New (but smaller) playground coming for Westside Community CenterFor any kids (or adults) disappointed at finding the old playground gone at the Westside Community Center, help is on the way.
City Parks plans to have a replacement playground installed by the end of June, according to Jake Butterfield, who leads the playground inspection program for Colorado Springs Parks.
He is listed as the contact for citizen questions on a sign that a city crew placed on a nearby fence: 385-6523 or firstname.lastname@example.org.
The new playground space will be reduced from the previous 6,700 square feet to 4,000 square feet. But Butterfield pledged in a phone interview that it will have “the newest and funnest equipment,” with similar features as before, most likely including a slide, a climber and swings.
The equipment choices will be made by his staff and himself.
The previous playground was there when Buena Vista Elementary relocated in 2009 - after which the city took over the site and moved the Community Center to the site.
It is not known when the playground went in, but Aundrea Fuller of the Community Center said that a buried time capsule, dated 1995, was found by the City Parks crew that removed the equipment April 24 and 25.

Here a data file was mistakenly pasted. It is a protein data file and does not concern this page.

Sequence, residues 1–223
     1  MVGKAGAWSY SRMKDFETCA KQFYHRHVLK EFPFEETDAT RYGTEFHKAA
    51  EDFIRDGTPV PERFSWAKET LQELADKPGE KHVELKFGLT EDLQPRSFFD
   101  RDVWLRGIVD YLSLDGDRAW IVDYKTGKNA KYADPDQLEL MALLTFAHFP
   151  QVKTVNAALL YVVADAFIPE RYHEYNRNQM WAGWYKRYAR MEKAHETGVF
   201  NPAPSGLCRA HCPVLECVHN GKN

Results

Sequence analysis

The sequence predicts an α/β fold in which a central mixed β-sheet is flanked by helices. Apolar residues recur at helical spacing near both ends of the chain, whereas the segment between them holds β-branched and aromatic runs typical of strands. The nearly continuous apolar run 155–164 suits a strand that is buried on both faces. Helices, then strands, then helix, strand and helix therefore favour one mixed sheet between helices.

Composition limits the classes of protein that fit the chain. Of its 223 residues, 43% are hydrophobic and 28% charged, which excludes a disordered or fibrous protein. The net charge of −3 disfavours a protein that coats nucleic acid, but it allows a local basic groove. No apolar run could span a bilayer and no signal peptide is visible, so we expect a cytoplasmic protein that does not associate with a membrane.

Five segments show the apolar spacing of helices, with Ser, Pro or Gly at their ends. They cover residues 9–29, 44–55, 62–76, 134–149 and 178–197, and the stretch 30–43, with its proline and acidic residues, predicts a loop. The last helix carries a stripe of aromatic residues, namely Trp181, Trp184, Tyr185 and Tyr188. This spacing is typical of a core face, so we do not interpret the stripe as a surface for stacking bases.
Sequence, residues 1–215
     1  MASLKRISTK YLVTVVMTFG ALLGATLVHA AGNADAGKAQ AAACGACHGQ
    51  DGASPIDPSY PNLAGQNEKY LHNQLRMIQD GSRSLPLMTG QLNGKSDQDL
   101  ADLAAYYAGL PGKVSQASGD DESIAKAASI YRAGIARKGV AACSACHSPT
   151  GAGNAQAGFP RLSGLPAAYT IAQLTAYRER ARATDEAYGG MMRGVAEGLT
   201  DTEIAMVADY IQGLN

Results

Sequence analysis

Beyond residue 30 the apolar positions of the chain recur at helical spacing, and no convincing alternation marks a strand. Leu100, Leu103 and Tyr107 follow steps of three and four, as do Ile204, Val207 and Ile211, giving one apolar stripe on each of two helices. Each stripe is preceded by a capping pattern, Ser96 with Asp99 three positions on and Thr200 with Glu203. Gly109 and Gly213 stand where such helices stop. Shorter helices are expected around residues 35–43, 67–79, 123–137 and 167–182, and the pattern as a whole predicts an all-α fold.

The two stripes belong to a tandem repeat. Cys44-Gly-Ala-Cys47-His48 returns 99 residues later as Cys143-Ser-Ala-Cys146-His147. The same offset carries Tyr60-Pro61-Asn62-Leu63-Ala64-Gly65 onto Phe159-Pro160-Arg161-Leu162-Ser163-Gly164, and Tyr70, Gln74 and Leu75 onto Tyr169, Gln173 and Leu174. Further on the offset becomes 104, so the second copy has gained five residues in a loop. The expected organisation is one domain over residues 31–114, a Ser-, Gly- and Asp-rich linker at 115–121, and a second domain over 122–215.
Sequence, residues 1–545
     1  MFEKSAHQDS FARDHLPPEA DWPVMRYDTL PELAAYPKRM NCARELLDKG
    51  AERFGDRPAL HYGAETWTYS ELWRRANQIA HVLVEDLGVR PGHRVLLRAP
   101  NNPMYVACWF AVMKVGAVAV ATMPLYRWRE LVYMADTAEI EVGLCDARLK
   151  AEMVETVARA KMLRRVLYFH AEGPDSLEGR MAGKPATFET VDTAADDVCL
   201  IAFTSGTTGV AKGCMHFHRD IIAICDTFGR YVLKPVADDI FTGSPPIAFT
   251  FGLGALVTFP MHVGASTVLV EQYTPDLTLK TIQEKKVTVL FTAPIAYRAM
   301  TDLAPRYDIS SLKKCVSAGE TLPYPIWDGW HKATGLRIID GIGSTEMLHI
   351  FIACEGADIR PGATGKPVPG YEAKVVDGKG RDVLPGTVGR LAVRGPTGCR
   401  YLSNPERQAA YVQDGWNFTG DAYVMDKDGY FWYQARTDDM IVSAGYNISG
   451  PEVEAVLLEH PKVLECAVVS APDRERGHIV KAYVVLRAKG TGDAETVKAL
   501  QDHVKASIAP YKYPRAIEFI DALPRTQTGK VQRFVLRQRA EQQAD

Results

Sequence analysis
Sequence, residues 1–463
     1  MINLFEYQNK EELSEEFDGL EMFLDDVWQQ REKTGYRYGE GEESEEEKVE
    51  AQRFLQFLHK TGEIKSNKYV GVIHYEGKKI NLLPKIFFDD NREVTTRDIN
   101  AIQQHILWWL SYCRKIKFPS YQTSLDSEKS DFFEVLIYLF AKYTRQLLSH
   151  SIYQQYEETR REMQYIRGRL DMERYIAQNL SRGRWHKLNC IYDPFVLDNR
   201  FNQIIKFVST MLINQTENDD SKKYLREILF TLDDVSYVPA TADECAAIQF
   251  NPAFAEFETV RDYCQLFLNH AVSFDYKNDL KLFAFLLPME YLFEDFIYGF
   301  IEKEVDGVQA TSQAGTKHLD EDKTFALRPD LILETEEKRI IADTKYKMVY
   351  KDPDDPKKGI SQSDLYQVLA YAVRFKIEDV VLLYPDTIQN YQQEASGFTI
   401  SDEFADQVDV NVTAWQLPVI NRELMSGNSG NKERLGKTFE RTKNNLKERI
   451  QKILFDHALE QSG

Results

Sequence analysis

(As of April 27, she didn't know what was in the capsule, or who put it there, because the materials were wet and she's letting them dry out.)
Asked why the change was deemed necessary, Butterfield said it was a decision his staff had made based on findings that the previous equipment was “old and out of compliance.” He did not have other details at hand.
He did clarify that there was no urgent safety issue, and added that all the equipment in the city's playgrounds are inspected weekly, plus an in-depth annual inspection is done.
One problem he knew of was that the old surface was pea gravel, which is not handicapped-accessible. He said the new surface will be “engineered wood fiber” (a specially made type of wood chips).
The removal occurred before a contractor was hired. Butterfield explained that the Community Center is one of four locations where the city is changing out playground equipment this year; also, he said, money was saved by using city crews for the removal instead of contractors.
Asked about the smaller size of the replacement playground, Butterfield said it's part of his job “to evaluate the uses of a playground, to determine what we can afford and what other playgrounds are servicing the neighborhood.”
Among those nearby playgrounds are those at Cucharras Park, Thorndale Park, Blunt Park and West Elementary/Middle School, he said.
Playground equipment has gotten expensive, he added, estimating that the Community Center's new, smaller space will cost close to $100,000.
Bids are being taken for the Community Center project, Butterfield said, with the plan to hire a contractor by June, order equipment and have the new playground ready for use by the end of that month.
Westside Pioneer article